We have returned this evening to the same campsite as last night. Having ended up here by chance we decided to make the most of the opportunity by visiting Toulouse by train from the nearby station of Grisolles. Modestine welcomed the chance to do a bit of trainspotting from the station car park while we took advantage of the 25% discount enjoyed by French pensioners on the railways and avoided the hassle of driving and parking in one of the largest cities in France.

From what we saw of Grisolles today it seems aptly named, being, like the weather, cold, grey and bleak. Toulouse on the other hand is bright, colourful and fashionable. It is only twenty minutes away on the train and the station is quite magnificent, disgorging passengers right into the heart of the town. Fortunately the day was dry for a change, but bitterly cold.

Toulouse is known as the Rose City. There was no suitable local stone as could be found near many of France’s older cities, so buildings were constructed with narrow red bricks, stone being reserved for decoration. The result is really very attractive. The main buildings are the 11th century basilica of St. Sernin, the 13th century cathedral of St. Etienne – where the nave and choir are completely offset and constructed in different styles, the Musée des Augustins and the 18th century Capitole- which houses the theatre and municipal offices, several monastic foundations and the ancient buildings of the present university which seem to have been part of a former Carmelite monastery. All these are constructed in red brick on a huge scale.

We spent the entire day exploring the streets and buildings of the centre. The basilica was monumental in its proportions but had a classical simplicity. Externally it has a wonderful five story high octagonal bell tower, the lower three being Romanesque, the other two added later in gothic style.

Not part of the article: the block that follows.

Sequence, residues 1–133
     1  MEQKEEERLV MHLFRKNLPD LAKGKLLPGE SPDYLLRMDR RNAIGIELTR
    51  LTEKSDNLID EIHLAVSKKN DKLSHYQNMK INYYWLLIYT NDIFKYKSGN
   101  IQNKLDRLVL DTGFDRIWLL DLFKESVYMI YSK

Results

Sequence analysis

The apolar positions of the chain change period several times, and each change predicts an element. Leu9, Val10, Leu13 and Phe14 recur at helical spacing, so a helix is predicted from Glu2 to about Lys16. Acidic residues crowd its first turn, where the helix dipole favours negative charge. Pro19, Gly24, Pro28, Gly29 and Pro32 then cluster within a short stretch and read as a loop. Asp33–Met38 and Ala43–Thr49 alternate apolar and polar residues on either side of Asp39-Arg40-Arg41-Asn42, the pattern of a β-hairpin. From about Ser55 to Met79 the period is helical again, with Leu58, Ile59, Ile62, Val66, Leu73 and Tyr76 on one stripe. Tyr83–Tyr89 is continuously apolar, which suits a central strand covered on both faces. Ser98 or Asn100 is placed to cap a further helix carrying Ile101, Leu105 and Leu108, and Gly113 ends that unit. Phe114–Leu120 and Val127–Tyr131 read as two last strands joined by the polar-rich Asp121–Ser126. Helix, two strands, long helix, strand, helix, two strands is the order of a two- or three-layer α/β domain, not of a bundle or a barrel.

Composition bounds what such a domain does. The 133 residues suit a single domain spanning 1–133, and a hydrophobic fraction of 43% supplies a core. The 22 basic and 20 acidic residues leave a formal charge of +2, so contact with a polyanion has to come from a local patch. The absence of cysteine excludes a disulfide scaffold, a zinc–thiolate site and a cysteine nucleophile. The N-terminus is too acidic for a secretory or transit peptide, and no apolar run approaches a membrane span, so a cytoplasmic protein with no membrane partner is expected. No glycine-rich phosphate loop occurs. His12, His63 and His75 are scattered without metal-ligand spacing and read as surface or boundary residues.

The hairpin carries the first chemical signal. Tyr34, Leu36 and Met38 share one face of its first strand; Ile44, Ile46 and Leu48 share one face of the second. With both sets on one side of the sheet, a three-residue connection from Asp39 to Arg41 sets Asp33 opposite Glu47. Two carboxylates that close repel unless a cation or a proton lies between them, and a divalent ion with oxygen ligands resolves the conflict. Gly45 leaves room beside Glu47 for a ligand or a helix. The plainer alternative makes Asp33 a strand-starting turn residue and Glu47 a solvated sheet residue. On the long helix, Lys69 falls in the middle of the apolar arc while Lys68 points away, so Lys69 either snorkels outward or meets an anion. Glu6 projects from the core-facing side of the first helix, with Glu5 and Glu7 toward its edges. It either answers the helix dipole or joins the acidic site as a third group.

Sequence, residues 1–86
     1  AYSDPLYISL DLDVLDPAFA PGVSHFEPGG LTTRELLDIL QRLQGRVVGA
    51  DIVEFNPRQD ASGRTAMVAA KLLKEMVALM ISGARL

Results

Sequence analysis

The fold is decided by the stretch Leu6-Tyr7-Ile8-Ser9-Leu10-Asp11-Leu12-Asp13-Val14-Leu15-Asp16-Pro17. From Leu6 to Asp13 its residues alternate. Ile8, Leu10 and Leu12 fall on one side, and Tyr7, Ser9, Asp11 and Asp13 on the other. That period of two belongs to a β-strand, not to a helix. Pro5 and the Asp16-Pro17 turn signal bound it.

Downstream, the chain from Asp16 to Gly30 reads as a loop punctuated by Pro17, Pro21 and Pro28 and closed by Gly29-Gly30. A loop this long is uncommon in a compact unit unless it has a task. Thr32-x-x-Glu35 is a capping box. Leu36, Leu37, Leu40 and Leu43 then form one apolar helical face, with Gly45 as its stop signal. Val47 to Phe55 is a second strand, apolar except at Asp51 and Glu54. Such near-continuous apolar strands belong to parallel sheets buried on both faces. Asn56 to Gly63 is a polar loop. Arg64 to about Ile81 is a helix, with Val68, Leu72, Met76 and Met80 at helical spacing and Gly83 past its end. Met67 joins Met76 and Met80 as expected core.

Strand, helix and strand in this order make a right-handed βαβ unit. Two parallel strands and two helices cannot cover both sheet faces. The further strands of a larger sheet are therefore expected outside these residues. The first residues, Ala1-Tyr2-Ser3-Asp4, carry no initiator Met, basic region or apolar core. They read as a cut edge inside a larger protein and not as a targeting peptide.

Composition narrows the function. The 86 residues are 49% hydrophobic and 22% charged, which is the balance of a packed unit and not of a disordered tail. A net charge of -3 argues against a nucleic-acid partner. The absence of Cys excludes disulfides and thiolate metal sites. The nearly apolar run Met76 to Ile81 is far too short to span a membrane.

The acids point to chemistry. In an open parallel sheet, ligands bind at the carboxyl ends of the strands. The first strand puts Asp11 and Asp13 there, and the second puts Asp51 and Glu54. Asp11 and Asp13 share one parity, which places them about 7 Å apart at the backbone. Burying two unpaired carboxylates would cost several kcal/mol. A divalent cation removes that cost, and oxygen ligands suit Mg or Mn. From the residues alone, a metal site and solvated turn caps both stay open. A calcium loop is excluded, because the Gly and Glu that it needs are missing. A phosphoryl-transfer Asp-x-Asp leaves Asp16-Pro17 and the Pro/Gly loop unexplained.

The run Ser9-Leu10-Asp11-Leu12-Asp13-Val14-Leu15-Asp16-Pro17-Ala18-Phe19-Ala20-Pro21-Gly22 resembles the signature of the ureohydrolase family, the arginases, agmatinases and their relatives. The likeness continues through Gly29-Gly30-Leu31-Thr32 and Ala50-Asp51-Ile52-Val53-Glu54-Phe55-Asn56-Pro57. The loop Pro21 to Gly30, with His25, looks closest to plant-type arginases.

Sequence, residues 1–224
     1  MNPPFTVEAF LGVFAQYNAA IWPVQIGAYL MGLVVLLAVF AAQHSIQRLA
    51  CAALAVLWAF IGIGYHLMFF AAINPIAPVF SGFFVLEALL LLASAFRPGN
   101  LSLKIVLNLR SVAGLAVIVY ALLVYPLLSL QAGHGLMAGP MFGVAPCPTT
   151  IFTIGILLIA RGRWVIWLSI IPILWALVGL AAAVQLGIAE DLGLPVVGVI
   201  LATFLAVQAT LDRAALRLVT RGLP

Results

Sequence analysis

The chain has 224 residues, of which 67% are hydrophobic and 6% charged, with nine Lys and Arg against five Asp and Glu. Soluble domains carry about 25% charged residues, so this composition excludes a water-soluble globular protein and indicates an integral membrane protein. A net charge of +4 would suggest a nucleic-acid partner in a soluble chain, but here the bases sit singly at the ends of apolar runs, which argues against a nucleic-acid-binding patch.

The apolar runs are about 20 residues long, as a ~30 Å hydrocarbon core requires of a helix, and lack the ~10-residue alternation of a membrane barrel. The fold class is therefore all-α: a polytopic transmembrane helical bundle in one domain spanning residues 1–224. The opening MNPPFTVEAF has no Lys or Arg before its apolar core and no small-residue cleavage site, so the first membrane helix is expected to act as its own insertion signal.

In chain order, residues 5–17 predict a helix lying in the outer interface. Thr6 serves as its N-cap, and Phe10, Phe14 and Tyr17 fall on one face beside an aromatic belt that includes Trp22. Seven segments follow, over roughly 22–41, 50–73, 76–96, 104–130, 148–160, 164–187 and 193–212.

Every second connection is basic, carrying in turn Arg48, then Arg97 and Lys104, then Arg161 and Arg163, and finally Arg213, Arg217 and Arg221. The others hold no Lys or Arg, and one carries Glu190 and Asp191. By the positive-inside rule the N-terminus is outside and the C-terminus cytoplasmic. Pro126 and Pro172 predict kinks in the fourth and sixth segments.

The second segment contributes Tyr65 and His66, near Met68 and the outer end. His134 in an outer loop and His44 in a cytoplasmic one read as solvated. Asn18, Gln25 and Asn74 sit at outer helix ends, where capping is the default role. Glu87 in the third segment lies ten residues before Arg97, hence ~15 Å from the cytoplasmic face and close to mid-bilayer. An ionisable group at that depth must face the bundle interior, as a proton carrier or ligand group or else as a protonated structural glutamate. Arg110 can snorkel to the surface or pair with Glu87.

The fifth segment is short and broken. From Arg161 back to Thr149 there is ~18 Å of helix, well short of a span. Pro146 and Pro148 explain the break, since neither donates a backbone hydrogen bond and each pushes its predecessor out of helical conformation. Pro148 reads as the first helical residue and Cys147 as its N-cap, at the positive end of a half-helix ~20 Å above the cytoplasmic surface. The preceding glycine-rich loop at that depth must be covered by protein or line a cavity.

Bell tower of the basilica of St. Sernan, Toulouse

Front entrance to the basilica of St. Sernan, Toulouse

Notre Dame du Taur, Toulouse

Capitole, Toulouse

Street scene, Toulouse

Cathedral of St. Etienne, Toulouse

Donjon – the remains of the 16th century Capitole, Toulouse

A highlight of our visit turned out to be far more modern however. Although Toulouse had a radical, anti-clerical government at the end of the 19th century it was anxious to celebrate its illustrious past by commissioning works by local artists to decorate the palatial rooms of the Capitole. As this is a public building we were free to wander through these rooms admiring some really stunning paintings and sculptures, all produced between about 1890 and 1910. They were generally light, bright and frequently frivolous but fun. Obviously the town council found that naked ladies enlivened their meetings! The walls of one room however were decorated entirely with large scale paintings by the Toulouse artist Henry Martin and these works were astonishingly good. The council could never have realised what gems of pointillist art they were commissioning. It was worth a day in Toulouse to see these alone! Amongst the sculptures commissioned to commemorate local worthies was one of the mathematician Fermat, distracted from his final theorem by a diaphanous nymph.